This is an advantage that keeps us relevant. The ability to communicate with almost half of the world means we can do business with any country, help anyone in times of need, but more importantly, be a friend with everybody. It is where we become truly global, not only by going out and making friends, but to be a welcoming host and the world comes to you.

Inculcating English into Singaporeans started with our education systems 50 years ago. Compulsory English examination passes to advance, with every subject in school taught in English (minus ethnic languages) means mastery would be advantageous in learning fast and an ability to grasp complex technical concepts. That universities are lectured in English as well, attainment of a degree, a professional career and ultimately, survival, hinges on the proficiency of English. 

But that is a 20th century strategy: language assimilation.

Latest generations of 21st century English-speaking Singaporeans pass on their English to their children as if the equivalent, a native speaker. English-educated Singaporeans now speak, read, write English as their first language and their children don’t need to learn “A” for Apples in Primary 1 like 40 years ago. 

Our children is born into an English speaking household and vernacular to English. We have evolved and our children have become as native an English user as any other.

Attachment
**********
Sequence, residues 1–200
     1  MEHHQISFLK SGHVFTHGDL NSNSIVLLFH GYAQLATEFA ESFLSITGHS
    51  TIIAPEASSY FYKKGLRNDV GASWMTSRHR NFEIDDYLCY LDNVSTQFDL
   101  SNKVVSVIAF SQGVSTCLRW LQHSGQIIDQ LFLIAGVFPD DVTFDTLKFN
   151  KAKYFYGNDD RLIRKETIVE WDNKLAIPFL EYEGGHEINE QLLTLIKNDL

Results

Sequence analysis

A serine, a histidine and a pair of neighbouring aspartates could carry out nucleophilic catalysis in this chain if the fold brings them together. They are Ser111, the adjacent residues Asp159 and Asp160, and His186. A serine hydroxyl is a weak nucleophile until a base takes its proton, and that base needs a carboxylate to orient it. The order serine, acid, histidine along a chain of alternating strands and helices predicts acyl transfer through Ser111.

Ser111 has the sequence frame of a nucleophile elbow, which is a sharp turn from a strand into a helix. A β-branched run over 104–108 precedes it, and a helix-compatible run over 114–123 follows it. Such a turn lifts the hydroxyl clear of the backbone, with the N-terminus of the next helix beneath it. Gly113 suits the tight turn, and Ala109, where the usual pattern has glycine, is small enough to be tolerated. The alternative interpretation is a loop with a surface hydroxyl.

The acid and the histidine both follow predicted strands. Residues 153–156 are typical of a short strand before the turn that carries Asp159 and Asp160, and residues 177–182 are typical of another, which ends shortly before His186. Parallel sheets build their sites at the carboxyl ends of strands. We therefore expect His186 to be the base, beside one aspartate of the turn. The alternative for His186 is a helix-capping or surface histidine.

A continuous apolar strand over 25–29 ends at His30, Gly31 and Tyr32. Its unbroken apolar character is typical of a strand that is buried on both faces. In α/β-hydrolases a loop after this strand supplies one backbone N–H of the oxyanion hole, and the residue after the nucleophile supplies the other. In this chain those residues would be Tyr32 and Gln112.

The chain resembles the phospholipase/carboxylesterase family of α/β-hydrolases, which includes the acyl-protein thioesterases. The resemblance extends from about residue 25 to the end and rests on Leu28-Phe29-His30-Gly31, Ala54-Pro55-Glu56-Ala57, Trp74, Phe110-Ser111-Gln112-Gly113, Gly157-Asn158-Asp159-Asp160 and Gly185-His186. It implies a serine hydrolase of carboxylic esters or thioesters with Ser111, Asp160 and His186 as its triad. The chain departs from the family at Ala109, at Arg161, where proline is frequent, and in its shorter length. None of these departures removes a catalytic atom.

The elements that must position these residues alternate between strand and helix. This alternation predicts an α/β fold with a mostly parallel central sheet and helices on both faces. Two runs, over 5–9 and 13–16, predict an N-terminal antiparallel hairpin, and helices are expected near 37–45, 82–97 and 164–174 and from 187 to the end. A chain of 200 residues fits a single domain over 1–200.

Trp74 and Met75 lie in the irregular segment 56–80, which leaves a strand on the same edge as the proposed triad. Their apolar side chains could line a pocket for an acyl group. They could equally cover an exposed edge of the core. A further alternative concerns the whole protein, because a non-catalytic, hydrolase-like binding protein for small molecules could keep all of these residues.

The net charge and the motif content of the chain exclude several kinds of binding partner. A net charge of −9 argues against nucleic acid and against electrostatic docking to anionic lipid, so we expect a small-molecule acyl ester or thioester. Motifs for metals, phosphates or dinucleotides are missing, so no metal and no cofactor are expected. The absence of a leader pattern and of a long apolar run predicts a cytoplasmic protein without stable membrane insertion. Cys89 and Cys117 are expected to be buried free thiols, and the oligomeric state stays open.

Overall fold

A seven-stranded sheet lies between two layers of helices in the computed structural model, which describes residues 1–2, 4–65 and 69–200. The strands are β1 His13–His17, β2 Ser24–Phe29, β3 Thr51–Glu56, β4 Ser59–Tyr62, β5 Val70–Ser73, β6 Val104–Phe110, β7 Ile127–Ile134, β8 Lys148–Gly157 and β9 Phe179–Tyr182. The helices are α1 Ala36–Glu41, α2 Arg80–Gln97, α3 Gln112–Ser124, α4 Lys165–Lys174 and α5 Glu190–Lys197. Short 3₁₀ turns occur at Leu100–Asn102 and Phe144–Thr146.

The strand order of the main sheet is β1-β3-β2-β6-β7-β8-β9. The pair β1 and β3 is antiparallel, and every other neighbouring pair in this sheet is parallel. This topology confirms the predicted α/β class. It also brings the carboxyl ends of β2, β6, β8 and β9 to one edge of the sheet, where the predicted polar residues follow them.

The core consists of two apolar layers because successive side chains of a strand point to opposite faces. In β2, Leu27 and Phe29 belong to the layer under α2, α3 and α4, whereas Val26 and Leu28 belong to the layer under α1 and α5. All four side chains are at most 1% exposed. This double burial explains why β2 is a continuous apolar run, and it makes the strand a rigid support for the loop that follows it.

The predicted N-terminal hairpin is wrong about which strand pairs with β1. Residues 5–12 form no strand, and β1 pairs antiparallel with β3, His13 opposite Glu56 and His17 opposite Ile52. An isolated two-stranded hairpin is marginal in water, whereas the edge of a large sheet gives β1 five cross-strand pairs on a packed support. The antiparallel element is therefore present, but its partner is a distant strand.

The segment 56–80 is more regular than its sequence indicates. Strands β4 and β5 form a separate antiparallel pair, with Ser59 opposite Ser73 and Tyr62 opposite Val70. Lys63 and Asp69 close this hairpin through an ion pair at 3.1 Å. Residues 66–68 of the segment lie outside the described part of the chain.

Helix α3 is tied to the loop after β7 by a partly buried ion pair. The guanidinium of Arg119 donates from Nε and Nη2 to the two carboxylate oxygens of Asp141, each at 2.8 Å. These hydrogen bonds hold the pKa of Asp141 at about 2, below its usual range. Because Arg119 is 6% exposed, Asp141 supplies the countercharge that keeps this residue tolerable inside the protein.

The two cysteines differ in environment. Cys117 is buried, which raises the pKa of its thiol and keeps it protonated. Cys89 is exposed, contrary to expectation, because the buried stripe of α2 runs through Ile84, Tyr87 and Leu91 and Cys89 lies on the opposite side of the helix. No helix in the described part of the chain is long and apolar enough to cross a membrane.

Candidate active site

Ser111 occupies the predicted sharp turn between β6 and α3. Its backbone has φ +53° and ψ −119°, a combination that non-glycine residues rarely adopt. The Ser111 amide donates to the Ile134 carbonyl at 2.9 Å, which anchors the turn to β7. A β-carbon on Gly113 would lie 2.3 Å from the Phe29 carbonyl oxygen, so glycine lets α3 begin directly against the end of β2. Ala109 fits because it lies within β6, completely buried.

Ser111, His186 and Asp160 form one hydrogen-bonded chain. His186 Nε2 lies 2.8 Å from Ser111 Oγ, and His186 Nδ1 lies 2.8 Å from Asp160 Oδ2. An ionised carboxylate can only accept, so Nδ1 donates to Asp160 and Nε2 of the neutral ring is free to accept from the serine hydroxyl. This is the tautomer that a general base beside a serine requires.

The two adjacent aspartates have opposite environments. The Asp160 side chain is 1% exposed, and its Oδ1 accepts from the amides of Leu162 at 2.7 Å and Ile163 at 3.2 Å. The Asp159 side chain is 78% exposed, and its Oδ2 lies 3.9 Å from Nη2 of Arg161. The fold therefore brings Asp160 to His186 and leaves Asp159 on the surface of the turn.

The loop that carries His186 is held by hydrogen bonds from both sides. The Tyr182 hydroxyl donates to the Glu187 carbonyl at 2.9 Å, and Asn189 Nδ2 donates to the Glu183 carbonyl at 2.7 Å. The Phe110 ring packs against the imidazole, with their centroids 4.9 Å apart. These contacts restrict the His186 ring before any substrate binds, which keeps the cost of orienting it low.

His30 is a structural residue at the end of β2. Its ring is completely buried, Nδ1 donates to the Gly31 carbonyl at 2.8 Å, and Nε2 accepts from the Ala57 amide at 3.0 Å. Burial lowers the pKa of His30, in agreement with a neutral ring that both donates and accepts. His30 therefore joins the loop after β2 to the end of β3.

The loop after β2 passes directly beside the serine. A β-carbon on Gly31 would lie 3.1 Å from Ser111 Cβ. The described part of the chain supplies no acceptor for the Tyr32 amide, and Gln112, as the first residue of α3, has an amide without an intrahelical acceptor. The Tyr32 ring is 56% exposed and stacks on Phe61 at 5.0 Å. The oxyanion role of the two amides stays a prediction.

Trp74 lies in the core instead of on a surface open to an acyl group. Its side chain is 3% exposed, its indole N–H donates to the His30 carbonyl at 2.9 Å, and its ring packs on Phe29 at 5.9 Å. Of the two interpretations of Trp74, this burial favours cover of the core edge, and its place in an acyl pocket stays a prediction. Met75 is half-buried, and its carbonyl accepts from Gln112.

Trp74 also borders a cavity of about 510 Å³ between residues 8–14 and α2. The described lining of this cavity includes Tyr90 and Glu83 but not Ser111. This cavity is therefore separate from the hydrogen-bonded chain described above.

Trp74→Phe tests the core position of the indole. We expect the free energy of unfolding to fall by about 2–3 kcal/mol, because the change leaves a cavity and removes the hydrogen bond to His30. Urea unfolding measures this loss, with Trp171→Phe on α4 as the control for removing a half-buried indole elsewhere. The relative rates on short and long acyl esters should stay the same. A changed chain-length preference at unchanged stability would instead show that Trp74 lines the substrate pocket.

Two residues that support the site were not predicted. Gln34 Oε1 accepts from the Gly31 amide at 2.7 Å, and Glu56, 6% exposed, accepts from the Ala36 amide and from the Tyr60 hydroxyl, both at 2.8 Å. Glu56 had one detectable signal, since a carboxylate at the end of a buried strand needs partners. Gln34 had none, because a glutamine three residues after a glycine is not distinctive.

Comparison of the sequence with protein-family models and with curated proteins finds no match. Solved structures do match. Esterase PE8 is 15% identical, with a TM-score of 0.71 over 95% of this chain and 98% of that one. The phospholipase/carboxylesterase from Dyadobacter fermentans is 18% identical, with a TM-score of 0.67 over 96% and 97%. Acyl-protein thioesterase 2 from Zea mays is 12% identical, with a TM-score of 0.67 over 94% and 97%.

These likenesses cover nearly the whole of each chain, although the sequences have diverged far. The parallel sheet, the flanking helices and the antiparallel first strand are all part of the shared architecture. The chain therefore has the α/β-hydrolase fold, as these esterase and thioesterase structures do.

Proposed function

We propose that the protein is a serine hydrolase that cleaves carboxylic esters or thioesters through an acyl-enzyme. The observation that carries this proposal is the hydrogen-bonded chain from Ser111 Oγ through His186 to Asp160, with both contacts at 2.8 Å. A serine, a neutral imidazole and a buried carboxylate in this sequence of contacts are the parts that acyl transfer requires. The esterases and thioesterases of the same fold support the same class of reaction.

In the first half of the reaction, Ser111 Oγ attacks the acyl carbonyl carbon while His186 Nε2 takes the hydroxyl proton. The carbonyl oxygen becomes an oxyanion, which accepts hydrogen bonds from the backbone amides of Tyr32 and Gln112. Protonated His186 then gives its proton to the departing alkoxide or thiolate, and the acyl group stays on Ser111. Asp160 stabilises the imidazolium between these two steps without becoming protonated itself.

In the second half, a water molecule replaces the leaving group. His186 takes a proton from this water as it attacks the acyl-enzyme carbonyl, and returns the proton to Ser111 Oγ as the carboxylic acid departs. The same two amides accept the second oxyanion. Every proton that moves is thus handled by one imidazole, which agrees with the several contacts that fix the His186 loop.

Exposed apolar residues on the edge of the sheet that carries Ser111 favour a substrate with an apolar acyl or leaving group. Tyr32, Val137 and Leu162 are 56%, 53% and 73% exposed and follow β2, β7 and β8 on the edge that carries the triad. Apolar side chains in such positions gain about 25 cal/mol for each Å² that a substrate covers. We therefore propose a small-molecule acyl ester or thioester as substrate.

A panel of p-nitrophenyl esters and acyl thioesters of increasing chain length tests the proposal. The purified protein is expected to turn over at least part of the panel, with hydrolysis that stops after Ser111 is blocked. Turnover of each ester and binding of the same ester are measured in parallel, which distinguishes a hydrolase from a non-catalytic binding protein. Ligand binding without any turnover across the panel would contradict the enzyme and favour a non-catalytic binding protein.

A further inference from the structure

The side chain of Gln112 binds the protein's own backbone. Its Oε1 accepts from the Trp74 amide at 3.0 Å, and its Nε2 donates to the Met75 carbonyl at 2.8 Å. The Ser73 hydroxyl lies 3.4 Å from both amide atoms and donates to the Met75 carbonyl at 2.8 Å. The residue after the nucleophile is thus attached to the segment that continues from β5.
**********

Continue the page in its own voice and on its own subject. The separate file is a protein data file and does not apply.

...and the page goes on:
Our diverse ethnicity and international positioning keeps English relevant to our lives. Over generations, the English Languge has proven to be a viable marriage into our culture, keeping our traditions whilst adopting Western cultures and views that helps rather than deter. The ability to communicate with most of the world keeps us competitive and economically viable.

“The Limits of my language is The Limits of my World”-Ludwig Wittgenstein

It makes us globally active, engaging, dynamic and yet keeps us intimately connected with our immediate neighbors. Making friends where it would have been near impossible in our multi-cultural nation. Thinking glocal helps when our nation support such diverse ethnic groups where finding a common language would mean learning 4-5 languages just to talk to our neighbours. English breaks down barriers and carries our thoughts. To understand, first, we need to convey in a common language. 

So where next for English in Singapore? We will continue evolving. Our primary education system for English Language just got tweaked this year after 4 years of research into what we need to improve in our education. There is a push to change from the government sector to include creative aspects into our system.

There is also a sudden increase in international awareness that Singapore is a global city, thanks to Marina Bay Sands and the yearly Formula 1 events. One can’t be hospitable unless one communicates and understands hospitality.